partnerships within the community. He initiated EasyPark’s quarterly “Leave Nothing in Your Car” campaign, which effectively uses social media, EasyPark’s security partners, and community outreach to educate and deter theft from auto while parked at EasyPark parking facilities. He holds monthly safety education lunch and learn sessions, which have focused on personal security and overall safety education, as well as best practices for active shooter scenarios, earthquake preparedness, and conflict management training. He expanded the partnership with the Downtown Vancouver Business Improvement Association to include graffiti removal, safe walks, and foot patrols of parking facilities that augmented EasyPark’s own security patrols. He also oversaw a critical incident in 2019, when one city site was deemed a safety hazard and all vehicles were ordered to evacuate immediately. He received kudos from all levels of the City of Vancouver senior management for his quick action and execution of the evacuation of all 300+ vehicles within three hours. He oversaw site security for the next two months as city engineers evaluated the structure. ◆ MELANIE PADGETT POWERS is a freelance writer and editor. She can be reached at



Curb management is a complex undertaking, filled with stakeholders and considerations.


HEN WE SPEAK ABOUT CURB EQUITY, we are not speaking

about proportional access to the curb. If access were proportional, national delivery fleets would dominate all loading zones and cars would dominate all other on-street inventory. When we speak about curb equity, we are referring to equitable access to the curb within an ecosystem that is aware and considers the various people, business, and vehicles that utilize the curb. Curb space is limited and the competition for this space increases almost daily. Parking administrators and policy makers work with their staffs to craft policy that addresses this added volume but must also consider the downstream effects of these policies. What do we do to accommodate the increase in delivery vehicles? How do we best manage TNC drop-offs and pick-ups? When viewing things through this prism of curb equity, we must also answer questions like how curbside regulations affect the people using the curb? Are we treating all of the citizenship equitably? Did this new initiative disproportionally affect the business community? To fully define curb equity, we must consider all parties with interests in the curb. In the past, curb space was primarily the domain of vehicle parking, commercial deliveries, public transportation, and taxicabs. The planning of that space was a simpler proposition. Today the competition for curb space is intense and 32 PARKING & MOBILITY / JULY 2021 / PARKING-MOBILITY.ORG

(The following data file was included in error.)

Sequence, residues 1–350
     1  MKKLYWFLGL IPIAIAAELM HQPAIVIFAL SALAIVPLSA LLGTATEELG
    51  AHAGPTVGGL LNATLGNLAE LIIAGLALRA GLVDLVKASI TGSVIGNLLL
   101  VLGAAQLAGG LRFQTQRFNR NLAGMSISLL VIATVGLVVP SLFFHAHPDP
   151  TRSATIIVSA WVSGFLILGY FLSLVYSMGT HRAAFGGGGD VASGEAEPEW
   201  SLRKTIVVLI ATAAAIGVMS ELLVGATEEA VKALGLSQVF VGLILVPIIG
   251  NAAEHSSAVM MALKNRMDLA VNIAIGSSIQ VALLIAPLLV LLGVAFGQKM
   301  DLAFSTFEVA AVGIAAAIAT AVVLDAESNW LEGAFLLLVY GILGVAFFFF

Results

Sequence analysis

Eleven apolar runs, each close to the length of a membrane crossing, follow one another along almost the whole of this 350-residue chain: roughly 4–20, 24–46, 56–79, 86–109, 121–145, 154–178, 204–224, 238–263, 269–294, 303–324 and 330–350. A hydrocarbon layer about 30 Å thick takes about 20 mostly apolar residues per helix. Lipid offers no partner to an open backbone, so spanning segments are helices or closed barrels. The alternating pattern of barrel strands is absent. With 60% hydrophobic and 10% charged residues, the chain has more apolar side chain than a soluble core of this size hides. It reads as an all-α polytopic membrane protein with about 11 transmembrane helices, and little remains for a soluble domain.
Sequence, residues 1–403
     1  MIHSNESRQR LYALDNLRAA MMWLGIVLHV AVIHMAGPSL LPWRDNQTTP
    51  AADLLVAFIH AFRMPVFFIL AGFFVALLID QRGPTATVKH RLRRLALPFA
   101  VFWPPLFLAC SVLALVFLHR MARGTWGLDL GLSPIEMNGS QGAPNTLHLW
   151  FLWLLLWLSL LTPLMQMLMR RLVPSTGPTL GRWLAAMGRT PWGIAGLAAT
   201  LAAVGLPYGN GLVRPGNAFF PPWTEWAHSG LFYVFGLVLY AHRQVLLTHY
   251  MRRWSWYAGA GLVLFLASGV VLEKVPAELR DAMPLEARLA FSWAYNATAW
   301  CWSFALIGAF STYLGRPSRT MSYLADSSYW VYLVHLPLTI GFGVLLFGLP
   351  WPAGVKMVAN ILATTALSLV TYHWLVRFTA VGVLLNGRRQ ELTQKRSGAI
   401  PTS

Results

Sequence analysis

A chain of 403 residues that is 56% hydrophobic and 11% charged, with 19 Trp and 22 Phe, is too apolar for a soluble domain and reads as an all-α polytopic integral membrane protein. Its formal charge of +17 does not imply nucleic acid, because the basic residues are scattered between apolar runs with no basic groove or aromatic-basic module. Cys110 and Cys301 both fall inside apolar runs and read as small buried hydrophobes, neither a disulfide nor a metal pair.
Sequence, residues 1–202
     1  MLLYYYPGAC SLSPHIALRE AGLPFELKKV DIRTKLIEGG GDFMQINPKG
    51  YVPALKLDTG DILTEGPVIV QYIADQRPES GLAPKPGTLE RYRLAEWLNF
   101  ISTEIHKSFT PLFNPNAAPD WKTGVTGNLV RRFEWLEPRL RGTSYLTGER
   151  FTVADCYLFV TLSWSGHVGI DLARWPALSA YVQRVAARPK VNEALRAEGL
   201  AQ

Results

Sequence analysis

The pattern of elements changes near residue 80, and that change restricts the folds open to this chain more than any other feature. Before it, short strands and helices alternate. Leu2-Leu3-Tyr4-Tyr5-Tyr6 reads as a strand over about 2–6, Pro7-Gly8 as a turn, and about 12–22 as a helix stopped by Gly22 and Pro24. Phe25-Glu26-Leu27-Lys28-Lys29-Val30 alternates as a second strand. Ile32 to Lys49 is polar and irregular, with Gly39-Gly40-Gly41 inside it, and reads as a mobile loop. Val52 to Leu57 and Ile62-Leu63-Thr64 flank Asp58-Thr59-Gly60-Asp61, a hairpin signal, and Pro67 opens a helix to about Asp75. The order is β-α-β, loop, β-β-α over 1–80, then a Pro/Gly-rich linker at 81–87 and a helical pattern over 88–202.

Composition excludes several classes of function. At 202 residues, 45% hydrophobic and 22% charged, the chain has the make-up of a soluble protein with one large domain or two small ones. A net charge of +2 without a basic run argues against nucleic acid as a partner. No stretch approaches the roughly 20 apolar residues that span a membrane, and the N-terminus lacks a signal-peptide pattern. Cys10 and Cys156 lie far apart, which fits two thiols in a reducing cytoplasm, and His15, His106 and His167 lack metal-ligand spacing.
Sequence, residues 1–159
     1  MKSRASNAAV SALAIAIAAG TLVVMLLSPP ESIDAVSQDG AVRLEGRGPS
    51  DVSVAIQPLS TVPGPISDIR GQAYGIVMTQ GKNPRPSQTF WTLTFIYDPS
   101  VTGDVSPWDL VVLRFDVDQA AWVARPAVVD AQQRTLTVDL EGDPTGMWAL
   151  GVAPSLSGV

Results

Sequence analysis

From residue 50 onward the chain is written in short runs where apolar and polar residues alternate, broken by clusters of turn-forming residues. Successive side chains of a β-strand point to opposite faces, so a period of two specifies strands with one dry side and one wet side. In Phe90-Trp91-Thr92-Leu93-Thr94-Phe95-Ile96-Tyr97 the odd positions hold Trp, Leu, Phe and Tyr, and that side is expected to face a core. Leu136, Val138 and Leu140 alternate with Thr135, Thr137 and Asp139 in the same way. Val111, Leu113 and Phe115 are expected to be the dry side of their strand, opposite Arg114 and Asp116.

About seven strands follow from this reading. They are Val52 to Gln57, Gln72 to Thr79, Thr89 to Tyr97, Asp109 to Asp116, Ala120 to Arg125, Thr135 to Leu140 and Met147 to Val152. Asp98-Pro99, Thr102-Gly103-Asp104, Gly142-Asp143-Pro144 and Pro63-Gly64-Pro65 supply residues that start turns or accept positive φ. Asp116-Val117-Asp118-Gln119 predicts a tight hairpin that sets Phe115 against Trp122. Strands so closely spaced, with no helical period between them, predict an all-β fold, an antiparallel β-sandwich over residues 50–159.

driven by both economic development and technology. As economic development increases, more types of commerce, entertainment, and governance expand the number of people accessing curb. There is a symbiotic relationship between the delivery companies, the businesses to which they deliver, and the consumers


By Keith Hutchings and Christopher Perry, CAPP

on which those businesses rely, that must be considered when developing a curb management program. True curb equity will address not only the vehicular traffic at the curb but also include the economic and social results of the policy decisions. How will the installation of a parklet affect the neighboring businesses? Does the removal of on-street inventory place undue economic hardship on some drivers? By taking a holistic approach, regulations can be developed that respect all of the parties access to the curbside ecosystem.

Equal Access to all Motorists Often, the influences driving curbside decisions negatively affect citizens with lower disposable incomes. These results, while not intentional, do come at a cost for some. When a citizen with less disposable income contemplates a